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FEATURE STORY

Timor-Leste: Justice for the Poor Shares Findings from Community Survey

September 23, 2010

STORY HIGHLIGHTS
  • The presentations of the briefing notes aimed to share the research’s findings and to acquire feedback from the participants.

Dili, 23 September 2010 – The Justice for the Poor (J4P) team recently organized presentations addressing land access and dispute resolution; youth perspectives on community and conflict; and trust, authority and decision making. The presentations were held on the 29th and 30th of July at the World Bank Office in Dili and were aligned with the three key areas that the J4P team has been focusing on in Timor-Leste: land, youth development, and state building.

J4P findings show that less than 10 percent of respondents had experienced conflicts over land in the past year. One of the significant insights from the survey was the widespread support for land titling in Timor-Leste; overall, 72 percent of survey respondents believed that land titling would reduce land-related conflict.

In terms of the level of participation in community-based meetings, the research finds that participation between youth and older generation household heads is consistently equal, but young males are much more likely to speak in such meetings than young females. In conjunction with the discussion on participation, the research looked at how the participants felt about safety in their community, with 92 percent of respondents reporting feeling safe in their own and neighboring communities.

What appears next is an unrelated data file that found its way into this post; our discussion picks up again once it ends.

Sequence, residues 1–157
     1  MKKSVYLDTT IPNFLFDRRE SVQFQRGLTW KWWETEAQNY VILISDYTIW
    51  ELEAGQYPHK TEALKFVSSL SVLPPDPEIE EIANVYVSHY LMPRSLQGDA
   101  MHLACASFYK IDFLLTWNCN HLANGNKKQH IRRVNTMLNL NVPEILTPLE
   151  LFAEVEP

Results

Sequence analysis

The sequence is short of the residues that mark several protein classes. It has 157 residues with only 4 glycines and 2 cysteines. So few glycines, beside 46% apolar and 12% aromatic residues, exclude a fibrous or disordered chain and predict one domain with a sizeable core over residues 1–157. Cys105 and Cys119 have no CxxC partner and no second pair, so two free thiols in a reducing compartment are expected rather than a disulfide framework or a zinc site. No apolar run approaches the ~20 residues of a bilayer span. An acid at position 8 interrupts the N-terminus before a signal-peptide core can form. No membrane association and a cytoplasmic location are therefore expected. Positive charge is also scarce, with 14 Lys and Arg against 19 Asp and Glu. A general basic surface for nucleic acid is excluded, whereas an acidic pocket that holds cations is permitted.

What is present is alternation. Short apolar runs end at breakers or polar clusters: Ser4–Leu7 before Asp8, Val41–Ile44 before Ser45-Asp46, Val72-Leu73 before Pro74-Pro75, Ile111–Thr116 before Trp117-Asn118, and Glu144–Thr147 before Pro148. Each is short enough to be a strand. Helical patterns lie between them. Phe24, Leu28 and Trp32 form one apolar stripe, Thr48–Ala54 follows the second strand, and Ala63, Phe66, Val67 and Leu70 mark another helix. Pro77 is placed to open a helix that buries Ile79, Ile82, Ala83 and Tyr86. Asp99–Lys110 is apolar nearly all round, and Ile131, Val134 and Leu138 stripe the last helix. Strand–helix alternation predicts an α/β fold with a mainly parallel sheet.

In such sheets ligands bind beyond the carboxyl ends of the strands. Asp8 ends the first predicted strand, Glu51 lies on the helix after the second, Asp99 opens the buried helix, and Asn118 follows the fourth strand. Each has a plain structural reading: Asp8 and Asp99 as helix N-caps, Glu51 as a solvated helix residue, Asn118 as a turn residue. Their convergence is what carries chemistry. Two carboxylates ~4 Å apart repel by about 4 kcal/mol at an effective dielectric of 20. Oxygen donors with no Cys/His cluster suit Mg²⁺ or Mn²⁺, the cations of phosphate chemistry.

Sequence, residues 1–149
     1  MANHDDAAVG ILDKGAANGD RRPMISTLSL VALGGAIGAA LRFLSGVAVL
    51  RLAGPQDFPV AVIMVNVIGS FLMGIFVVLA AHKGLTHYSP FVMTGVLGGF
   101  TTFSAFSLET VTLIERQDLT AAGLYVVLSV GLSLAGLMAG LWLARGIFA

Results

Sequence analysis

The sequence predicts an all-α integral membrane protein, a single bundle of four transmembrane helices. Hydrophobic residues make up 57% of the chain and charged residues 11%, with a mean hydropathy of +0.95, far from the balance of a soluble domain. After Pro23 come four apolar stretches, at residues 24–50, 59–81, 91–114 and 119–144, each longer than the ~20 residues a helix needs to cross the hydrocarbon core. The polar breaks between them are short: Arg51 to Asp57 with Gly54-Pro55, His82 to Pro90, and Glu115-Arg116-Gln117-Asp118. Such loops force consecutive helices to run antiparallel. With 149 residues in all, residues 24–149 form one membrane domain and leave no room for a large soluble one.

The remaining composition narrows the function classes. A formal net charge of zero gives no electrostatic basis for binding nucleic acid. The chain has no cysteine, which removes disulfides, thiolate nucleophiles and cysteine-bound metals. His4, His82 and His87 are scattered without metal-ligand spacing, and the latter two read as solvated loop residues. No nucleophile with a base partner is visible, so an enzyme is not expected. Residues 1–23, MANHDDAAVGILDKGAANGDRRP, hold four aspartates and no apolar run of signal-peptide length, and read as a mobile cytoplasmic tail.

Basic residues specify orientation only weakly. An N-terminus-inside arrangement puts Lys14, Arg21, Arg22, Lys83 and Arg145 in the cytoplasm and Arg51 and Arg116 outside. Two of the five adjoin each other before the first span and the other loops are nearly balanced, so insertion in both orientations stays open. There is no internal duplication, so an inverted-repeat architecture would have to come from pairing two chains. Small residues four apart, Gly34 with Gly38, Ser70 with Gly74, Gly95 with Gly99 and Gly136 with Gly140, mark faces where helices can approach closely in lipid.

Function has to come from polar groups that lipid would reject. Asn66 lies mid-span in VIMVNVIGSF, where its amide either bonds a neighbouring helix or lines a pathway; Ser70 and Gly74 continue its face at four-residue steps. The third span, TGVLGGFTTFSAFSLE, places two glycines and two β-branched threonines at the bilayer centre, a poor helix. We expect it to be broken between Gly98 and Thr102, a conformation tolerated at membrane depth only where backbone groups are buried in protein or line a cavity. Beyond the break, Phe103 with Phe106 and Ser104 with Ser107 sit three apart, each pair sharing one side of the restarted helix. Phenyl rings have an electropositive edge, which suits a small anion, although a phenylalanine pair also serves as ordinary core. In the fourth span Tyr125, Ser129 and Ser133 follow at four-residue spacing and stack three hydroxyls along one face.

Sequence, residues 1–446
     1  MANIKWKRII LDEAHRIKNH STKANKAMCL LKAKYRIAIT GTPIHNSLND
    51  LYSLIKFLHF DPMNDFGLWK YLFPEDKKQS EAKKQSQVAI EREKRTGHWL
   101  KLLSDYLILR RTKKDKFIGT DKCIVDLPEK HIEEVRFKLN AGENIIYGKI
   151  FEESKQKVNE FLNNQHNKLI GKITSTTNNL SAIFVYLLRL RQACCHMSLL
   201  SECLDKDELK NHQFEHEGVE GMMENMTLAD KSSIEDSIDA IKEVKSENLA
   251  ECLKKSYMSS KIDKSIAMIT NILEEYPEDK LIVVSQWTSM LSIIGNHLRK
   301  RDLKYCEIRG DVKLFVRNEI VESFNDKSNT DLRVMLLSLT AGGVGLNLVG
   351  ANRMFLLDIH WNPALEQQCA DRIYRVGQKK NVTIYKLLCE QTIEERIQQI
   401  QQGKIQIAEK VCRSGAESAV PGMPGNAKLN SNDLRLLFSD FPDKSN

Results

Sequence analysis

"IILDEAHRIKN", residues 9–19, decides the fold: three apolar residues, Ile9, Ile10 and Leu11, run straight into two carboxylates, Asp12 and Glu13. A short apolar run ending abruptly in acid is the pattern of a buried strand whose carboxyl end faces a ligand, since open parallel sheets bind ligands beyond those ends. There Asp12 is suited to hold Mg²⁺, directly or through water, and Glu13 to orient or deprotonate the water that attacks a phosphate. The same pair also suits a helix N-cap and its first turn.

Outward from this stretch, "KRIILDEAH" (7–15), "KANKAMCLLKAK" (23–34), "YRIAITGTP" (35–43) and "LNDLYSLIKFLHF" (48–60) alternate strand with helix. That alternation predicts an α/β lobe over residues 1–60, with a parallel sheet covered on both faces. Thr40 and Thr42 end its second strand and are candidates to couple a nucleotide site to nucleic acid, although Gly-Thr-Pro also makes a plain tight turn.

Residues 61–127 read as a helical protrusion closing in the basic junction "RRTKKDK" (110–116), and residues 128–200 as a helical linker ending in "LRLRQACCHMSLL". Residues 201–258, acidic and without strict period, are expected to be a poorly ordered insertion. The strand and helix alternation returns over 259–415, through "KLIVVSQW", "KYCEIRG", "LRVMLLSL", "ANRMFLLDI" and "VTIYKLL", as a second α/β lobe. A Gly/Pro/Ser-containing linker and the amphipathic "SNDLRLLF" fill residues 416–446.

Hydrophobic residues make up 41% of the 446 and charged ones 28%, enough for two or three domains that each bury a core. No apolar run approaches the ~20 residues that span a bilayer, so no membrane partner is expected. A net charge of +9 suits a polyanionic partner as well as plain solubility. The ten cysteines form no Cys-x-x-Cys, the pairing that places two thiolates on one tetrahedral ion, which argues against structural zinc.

“These presentations aimed to share results of the research that the team found, and for the team to get feedback from the community about their findings,” stated Agustinho Caet, a consultant of Justice for the Poor who was involved in the presentations.

The presentations, which followed up on the 2008 Timor-Leste Survey of Living Standards, attracted representatives from government, donor and non-governmental organizations, as well as the youth council.

J4P is a global research and development program that aims to inform, design and support pro-poor approaches to justice reform. It sees justice from the perspective of the poor and marginalized and is grounded in social and cultural contexts. Using Timor-Leste Living Standard Survey, which provides information on the living conditions of the Timorese population as a module, J4P is aiming to discuss poverty beyond income and expenses. The research look at the well-being of the people in the country including freedom to participate at community meetings, and the sense of trust and safety within their community.

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